18. So I started reading, "The Art of Fiction" by Ayn Rand, and have come across some amazing advice in this field. So in light of this, I think I'll quote some things from the book as I go, and give my commentary of course ...and then a bit later... I have seen symptoms of this in myself and many others. One such type is the use of huge paragraphs and blobs of text, with little organization, and basically, comes down to one long rant. I have heard that concepts are conscious space savers; that is, they generalize many concrete examples in your mind, but allows your conscious to set focus on just the abstract general concept instead of all those concretes. Then, by willing it, one can break down the abstract concept or generalization back into its examples and concretes it was formed from. I believe that this is what one must do in their head when thinking about some idea. They must take all the aspects of it, generalize and define it enough until they can get the entire idea in their mind at one time. This also requires memorizing (to put it into one's own subconscious) each abstract generalization made, so one can conjure it back for a later date.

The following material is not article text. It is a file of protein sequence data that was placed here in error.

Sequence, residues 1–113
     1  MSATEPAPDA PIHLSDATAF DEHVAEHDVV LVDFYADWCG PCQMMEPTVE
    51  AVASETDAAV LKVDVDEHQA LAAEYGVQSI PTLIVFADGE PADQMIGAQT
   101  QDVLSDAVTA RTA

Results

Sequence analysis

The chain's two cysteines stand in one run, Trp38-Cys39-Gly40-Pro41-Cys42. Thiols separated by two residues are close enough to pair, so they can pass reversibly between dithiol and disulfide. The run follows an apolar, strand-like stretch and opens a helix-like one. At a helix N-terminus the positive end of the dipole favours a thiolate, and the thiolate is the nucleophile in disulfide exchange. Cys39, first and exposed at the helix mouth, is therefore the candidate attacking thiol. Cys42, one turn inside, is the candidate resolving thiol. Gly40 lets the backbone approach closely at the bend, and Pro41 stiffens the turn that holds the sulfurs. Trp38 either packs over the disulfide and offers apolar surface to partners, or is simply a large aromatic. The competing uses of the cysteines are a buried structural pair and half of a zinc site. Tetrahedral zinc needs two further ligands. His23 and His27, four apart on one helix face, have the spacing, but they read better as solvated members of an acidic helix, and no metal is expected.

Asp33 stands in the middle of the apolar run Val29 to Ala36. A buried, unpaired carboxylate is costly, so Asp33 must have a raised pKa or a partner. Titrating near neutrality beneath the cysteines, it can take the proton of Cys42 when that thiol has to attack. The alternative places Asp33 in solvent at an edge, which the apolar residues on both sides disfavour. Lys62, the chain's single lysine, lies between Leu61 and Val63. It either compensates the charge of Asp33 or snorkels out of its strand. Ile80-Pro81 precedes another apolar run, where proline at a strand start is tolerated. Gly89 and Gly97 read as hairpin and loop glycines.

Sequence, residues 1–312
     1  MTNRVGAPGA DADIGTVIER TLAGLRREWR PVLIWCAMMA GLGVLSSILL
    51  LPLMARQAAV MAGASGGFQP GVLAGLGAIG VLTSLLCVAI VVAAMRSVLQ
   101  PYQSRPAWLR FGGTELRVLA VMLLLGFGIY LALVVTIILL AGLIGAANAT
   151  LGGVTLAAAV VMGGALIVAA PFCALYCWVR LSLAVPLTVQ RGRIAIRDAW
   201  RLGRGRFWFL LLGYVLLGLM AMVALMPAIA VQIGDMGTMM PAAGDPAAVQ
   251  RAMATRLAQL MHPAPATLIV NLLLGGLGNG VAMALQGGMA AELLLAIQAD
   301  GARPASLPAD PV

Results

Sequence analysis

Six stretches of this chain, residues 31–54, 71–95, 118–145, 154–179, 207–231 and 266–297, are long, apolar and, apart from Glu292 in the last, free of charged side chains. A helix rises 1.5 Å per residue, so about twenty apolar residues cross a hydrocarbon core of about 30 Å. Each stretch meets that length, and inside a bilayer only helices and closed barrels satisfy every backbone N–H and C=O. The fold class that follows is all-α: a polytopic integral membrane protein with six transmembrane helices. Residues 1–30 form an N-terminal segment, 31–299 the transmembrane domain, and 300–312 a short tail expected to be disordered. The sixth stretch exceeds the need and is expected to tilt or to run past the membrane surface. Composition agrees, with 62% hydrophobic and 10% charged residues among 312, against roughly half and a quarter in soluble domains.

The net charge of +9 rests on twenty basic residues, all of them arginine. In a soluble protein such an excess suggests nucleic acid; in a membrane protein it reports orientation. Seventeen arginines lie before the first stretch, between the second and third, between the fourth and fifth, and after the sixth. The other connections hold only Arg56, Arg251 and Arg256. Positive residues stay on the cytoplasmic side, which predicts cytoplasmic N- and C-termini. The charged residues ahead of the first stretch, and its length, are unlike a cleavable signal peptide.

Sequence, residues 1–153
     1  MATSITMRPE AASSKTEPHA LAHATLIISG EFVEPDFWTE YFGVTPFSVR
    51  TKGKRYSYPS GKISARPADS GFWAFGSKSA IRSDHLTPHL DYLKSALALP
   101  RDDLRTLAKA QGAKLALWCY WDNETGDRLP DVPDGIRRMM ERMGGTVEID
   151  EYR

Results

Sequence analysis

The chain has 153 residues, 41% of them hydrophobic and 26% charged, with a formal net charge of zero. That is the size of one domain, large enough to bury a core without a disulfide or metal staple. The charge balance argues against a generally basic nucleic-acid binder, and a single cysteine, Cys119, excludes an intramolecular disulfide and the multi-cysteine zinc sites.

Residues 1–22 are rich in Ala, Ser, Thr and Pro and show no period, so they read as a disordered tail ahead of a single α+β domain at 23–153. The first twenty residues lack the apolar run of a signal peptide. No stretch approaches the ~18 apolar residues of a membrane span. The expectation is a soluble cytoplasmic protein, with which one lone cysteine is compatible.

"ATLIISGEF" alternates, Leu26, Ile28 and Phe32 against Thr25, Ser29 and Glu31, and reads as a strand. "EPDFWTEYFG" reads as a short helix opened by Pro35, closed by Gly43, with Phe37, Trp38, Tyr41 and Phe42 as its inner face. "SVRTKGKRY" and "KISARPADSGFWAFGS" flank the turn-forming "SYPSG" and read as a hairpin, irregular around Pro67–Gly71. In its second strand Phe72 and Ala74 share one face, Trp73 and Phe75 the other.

19. I'm not sure this part is totally right, which it might just be in the way I read it, but: 1. While having volunteers go into the army isn't bad, I think an Objectivist government would have a paid army. IE, people would volunteer money to pay for such an army. 2. I see no problem in a conquest against another nation that does not respect _basic_ rights. Granted, there is no moral duty for this to happen, but I see nothing immoral about doing it. Obviously, a nation shouldn't do this unless it has some reason that would help the nation as a whole, or prevent a moderately known future threat.